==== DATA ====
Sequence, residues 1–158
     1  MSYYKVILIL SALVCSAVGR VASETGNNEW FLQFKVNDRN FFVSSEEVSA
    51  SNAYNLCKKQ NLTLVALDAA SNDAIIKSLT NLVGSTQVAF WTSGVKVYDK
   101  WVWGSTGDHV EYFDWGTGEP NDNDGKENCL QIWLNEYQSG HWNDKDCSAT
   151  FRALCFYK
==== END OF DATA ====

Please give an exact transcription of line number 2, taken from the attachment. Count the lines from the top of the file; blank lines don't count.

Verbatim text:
     1  MSYYKVILIL SALVCSAVGR VASETGNNEW FLQFKVNDRN FFVSSEEVSA